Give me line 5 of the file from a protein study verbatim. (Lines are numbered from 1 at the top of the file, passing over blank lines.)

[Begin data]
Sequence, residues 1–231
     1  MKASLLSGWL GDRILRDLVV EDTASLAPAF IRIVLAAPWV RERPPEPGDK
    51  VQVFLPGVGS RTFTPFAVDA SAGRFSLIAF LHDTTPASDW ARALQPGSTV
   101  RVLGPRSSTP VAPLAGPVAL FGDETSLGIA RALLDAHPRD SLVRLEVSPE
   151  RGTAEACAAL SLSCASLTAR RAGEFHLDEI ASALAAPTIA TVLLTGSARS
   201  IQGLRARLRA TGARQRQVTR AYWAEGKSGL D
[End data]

   151  RGTAEACAAL SLSCASLTAR RAGEFHLDEI ASALAAPTIA TVLLTGSARS